*establish a Building Safety Regulator to hold to account those who break the rules and are not properly managing building safety risks, including taking enforcement action where needed

*give residents in these buildings more routes to raise concerns about safety and mechanisms to ensure their concerns will be heard and taken seriously   

*extend rights to compensation for sub-standard workmanship and unacceptable defects  

*drive the culture change needed across the industry to enable the design and construction of high-quality and safe homes in the years ahead

Comprehensive steps

Lord Stephen Greenhalgh, the Minister for Building and Fire Safety, explained: “The comprehensive steps we are taking will ensure that industry and the regulatory system fully address the concerns raised in the ‘Building a Safer Future’ report prepared by Dame Judith Hackitt. Though the overall risk of fire across all buildings remains low, we cannot be complacent. Our more robust regime will adopt a proportionate and risk-based approach to remediation and other safety risks.”

Lord Greenhalgh also said: “By increasing our measures of enforcement, we will make sure that the industry follows the rules and, importantly, is held to account when it doesn’t.”

The Bill encompasses powers to strengthen the regulatory framework for construction products, underpinned by a market surveillance and enforcement regime led nationally by the Office for Product Safety and Standards. The national regulator will be able to remove products from the market that present safety risks and prosecute or use civil penalties against any business that breaks the rules and compromises public safety.

The Bill also contains measures to protect leaseholders by providing a legal requirement for building owners to explore alternative ways in which to meet remediation costs before passing these on to leaseholders, along with evidence that this has been done.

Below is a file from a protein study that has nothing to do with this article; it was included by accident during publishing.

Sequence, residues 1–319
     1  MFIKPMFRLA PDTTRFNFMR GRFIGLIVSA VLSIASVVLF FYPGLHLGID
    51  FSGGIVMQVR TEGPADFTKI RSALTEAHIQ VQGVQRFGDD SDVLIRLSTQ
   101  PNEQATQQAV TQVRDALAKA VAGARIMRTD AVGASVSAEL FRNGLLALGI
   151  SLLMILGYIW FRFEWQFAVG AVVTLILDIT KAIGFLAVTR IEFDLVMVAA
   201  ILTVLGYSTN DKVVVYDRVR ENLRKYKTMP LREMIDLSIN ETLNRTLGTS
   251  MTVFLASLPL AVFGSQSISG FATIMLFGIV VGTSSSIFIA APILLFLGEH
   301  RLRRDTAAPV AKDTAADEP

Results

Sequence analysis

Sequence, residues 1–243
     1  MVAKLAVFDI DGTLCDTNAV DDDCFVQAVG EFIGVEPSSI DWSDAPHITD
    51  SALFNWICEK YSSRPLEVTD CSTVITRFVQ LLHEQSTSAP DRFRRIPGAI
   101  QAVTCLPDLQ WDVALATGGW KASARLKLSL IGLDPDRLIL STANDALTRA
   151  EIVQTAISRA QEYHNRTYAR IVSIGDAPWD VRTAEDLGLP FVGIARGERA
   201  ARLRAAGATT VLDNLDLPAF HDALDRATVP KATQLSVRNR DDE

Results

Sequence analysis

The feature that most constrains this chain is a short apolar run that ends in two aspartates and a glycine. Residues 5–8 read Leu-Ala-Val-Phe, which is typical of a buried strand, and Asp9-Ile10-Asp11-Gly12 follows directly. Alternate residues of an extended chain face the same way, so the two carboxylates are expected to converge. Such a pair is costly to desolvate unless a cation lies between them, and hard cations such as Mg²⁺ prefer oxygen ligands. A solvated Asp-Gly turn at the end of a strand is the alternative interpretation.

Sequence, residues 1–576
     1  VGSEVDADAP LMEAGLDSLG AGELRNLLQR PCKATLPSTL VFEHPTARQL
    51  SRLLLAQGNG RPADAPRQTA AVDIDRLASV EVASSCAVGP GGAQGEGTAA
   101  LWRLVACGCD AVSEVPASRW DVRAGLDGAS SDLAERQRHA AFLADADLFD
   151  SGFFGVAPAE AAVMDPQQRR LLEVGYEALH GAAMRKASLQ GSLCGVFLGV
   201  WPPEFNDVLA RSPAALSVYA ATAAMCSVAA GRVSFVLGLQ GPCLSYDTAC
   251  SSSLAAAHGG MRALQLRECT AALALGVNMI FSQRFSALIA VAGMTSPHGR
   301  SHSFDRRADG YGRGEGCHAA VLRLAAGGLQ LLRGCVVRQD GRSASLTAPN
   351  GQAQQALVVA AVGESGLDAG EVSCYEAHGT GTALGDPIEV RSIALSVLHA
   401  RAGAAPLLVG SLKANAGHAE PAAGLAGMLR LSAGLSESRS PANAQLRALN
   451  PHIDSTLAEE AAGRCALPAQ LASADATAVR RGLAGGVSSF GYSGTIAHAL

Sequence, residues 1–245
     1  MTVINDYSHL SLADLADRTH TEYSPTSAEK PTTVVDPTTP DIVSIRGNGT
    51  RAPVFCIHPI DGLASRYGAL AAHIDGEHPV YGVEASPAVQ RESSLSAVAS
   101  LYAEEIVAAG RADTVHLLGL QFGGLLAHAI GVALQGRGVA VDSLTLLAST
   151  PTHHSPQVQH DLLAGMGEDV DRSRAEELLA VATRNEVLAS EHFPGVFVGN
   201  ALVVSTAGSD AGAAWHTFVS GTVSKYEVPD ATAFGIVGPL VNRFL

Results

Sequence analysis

This builds on the Government’s commitment to fully fund the cost of replacing unsafe cladding for all leaseholders in residential buildings of 18 metres high and over in England, with an unprecedented £5 billion investment in building safety. This is alongside the introduction of a new levy and the introduction of a tax to ensure that industry pays its fair share towards the costs of cladding remediation work.

Developers will also be required to join (and remain members of) the New Homes Ombudsman scheme. This will require them to provide redress to a homebuyer, including through the awarding of compensation. Developers who breach the requirement to belong to the New Homes Ombudsman may receive additional sanctions.

Dame Judith Hackitt, chair of the Independent Review of Building Regulations and Fire Safety, commented: “I am delighted that we have reached this important milestone for the Building Safety Bill. It is vital that we focus on making sure the system is right for the future and set new standards for building safety. Residents and other stakeholders need to have their confidence in high-rise buildings restored. Those who undertake such construction projects must be held to account for delivering safe buildings.